August 4, 1919

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BROKE HIS ARM WHILE CRANKING AUTO—Joe Cummings Jr., 14-year-old son of Alderman Joseph E. Cummings of 414 West Seventh street, is carrying his right arm in a sling this week as the result of an attempt to crank a Ford car in the back yard of his home on Friday. The car kicked back, breaking his arm between the elbow and wrist. The boy’s mother says he has cranked the car many times before when someone else was present to adjust the levers, but on Friday he attempted to start the car alone. A physician was summoned immediately after the accident to set and bind the broken limb. It is reported to be knitting together very nicely and will probably be ready for use by the end of the week. Mr. Cummings, father of the boy, is a partner in the Cummings Brothers grocery store on Harrison avenue.

COLORADO DAY IN LEADVILLE—Colorado Day in Leadville was particularly noticeable for the quiet manner in which the residents passed away the time. Few motoring trips were reported, but many people who had intended to spend the day among the mountains remained in the city because they did not care to “motor” over roads that are in an almost impassible condition on account of recent rains. An unusually large number of people were abroad on the streets, but no sign of holiday attire was visible. Banks and county offices were closed and the postoffice was open only during “Sunday hours.” Picture shows had an unusually large attendance and in the evening the dance given by the returned soldiers had an exceptionally large crowd. During the afternoon and evening intermittent showers drove passers-by on the streets into the shelter of awnings and doorways, from which they would emerge during the intermissions in the rain to join conversational assemblages on the different corners. A stranger in Leadville remarked at the sociability that was displayed by these groups of people. “Why, in New York,” he said, “to see twenty people standing on a corner talking would draw such a large crowd that the police would have to put in a riot call to get them broke up.”

August 11, 1919

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A PENT-UP BARKER—Thru the inadvertence of someone a canine pet was accidentally locked up in the Modern Woodmen hall on Tuesday evening last. The solitude thus proffered to the dog was not appreciated and the cries for independence which went forth on the wings of night had a rather disturbing effect on the quiet of the neighborhood. With the coming of day the notes acquired new vim and no little amusement was gotten out of such an unusual occurrence. After every door and window in the building successfully withstood the onslaught of terrific barking and S. O. S. was sent forth by the neighborhood, the caretaker arrived on the scene. The parole of the dog once more lent quiet to the atmosphere.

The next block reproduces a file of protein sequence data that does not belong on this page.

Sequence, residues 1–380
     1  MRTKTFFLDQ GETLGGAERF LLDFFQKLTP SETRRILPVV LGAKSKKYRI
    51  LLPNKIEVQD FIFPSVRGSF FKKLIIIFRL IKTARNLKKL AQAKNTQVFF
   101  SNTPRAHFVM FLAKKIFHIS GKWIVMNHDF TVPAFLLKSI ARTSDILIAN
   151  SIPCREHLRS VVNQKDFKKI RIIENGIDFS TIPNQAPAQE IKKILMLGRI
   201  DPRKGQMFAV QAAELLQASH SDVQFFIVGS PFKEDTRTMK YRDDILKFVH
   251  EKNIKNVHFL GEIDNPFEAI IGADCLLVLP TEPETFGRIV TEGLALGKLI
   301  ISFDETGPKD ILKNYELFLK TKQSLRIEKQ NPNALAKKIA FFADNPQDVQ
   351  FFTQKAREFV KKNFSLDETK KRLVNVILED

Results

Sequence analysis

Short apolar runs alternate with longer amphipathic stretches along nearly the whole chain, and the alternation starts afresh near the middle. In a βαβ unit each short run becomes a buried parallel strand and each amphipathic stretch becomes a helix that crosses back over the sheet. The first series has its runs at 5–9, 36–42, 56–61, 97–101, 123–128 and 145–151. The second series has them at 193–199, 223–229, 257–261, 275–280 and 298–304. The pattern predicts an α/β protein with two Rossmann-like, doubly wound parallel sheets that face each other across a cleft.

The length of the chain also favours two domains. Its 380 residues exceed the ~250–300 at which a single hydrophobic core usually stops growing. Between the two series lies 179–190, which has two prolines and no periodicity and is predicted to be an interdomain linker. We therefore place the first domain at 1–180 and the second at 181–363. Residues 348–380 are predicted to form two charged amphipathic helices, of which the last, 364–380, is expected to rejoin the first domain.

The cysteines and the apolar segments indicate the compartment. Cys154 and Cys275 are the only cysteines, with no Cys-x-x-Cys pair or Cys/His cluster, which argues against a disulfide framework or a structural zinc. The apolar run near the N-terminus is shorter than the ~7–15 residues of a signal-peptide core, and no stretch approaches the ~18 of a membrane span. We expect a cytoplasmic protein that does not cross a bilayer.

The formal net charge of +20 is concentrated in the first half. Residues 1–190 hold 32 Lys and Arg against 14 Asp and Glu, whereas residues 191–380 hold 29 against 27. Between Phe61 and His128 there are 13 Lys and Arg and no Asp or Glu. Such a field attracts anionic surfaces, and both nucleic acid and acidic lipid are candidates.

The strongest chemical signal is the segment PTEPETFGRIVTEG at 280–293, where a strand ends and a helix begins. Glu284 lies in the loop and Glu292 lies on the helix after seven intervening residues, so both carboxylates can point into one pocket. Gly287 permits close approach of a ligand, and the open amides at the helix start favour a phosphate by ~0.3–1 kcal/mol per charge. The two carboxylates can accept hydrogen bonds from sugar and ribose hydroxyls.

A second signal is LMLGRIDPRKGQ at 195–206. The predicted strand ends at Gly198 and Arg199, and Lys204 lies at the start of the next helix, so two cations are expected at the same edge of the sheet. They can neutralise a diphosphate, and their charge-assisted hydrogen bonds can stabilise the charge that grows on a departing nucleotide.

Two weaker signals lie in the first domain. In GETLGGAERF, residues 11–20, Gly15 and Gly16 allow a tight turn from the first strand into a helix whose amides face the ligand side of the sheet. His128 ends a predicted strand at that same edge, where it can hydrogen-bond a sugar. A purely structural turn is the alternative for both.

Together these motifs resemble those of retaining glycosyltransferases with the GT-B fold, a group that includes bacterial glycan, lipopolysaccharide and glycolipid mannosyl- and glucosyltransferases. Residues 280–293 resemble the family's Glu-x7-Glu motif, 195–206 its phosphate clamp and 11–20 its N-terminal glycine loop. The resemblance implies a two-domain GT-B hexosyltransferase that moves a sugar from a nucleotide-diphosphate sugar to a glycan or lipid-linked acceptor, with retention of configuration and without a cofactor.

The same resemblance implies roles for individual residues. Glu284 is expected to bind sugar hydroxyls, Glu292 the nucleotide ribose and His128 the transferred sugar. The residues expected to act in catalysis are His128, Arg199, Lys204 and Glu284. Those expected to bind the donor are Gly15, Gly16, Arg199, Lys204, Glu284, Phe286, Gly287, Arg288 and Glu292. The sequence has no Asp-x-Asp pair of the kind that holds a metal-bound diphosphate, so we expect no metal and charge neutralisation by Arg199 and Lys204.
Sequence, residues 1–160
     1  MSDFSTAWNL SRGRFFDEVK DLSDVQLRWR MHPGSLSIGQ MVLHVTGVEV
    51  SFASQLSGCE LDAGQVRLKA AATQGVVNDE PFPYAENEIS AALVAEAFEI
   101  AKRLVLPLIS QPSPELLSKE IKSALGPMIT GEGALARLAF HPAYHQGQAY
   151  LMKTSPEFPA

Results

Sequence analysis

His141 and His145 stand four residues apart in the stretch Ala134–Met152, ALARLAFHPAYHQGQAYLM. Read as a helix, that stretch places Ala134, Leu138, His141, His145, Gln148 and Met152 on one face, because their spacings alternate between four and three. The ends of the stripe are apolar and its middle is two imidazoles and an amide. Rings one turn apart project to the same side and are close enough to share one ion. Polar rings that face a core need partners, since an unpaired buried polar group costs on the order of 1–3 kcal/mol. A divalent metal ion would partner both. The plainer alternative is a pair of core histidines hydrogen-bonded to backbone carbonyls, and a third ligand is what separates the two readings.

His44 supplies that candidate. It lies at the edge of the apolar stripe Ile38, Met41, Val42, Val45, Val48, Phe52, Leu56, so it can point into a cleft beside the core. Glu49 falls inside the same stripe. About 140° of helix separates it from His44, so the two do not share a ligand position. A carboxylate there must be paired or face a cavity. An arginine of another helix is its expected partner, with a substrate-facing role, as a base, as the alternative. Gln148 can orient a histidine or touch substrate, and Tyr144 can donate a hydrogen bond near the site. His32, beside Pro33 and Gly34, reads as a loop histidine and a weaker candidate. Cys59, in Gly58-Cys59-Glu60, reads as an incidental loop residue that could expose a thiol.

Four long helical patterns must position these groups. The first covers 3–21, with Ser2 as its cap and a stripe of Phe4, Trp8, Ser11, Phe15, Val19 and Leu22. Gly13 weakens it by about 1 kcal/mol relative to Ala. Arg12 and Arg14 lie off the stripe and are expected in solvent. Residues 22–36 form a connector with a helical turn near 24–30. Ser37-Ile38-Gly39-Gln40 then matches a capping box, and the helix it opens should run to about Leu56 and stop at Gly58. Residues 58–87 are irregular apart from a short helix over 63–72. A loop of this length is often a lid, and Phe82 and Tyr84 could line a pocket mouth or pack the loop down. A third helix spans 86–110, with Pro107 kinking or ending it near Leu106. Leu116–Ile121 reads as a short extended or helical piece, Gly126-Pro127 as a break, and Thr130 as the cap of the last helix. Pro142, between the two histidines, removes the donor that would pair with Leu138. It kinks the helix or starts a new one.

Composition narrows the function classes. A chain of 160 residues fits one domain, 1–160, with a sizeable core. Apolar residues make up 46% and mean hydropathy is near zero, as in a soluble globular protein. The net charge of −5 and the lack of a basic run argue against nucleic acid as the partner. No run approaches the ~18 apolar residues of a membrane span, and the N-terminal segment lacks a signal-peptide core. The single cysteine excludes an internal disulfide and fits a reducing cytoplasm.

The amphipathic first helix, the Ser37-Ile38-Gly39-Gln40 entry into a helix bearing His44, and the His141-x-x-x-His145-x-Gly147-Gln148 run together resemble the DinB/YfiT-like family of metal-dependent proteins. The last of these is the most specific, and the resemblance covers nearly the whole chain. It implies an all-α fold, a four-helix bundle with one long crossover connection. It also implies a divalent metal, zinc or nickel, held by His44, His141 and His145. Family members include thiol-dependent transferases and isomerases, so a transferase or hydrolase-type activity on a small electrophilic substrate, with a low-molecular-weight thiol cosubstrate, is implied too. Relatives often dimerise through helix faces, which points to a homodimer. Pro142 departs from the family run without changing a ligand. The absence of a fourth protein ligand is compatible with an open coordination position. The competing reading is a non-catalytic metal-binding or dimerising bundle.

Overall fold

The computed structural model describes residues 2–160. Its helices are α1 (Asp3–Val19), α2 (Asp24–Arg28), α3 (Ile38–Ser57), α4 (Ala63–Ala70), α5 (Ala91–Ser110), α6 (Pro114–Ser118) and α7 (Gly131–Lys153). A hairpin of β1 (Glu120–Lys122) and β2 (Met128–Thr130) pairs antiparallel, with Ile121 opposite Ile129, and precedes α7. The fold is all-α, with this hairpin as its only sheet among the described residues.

August 18, 1919

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AURORA LIT NORTHERN HEAVENS—Those who were up at 3 o’clock Monday morning probably witnessed one of the most remarkable displays of the Aurora Borealis ever seen in Leadville. Attention was first called to the presence of this phenomenon by the disturbance on the Associated Press leased wire coming into the Herald Democrat office. The Aurora Borealis is associated in some manner with the magnetism of the earth and the interference on the circuit was very noticeable.

When first noticed on Monday morning, altho the moon was shining brightly, a light blue reflection could be seen in the northern heavens. About 3 o’clock waves of rose colored light began to billow towards the zenith and soon after long pointers of white light appeared. The entire spectacle lasted perhaps an hour.

THREE DECREPIT VAGS GIVEN JAIL SENTENCES—Three vagrancy cases were held before the court of Justice O’Leary last evening. Thomas Costello, accused of being a vagabond, put in the plea that an injury sustained in a coal mine several years ago has prevented him from working. He was in town over a day when he was arrested.

Pat O’Neill, also accused of being a vagabond, gave as his excuse for leisure, the fact that he was bothered with rheumatism. John Torrell, held on the same charge, appealed to his feeble condition, caused, as he said, from tuberculosis. All of the culprits were fined $35 and the costs of the suit. A jail sentence of thirty days was given to each one.

August 25, 1919

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HOPES TO GET HUSBAND IN LEADVILLE—Yesterday a letter was received by Mayor Jeannotte, which will amuse if not interest the people of Leadville. Dr. Jeannotte, in speaking of the letter, says, “I have been called upon to do a good many things since I have been mayor, some things which were possible and some things which were not, but this is the first time I have been called upon to act in the capacity of a matrimonial agency.” The request made was as follows:

“Hunting for happiness. I am looking for a tall, blue eyed, 50-year-old husband. He must have $1,000,000. I am small, called pretty, brown eyes, music teacher. If I find a person I will love with all my heart and am sure he loves me the same, I will marry. Can give best references in state of Colorado. Please send photo, and full particulars of yourself. I never did a bad act before God in my life.”

The mayor will furnish the name and address of the lady on application.

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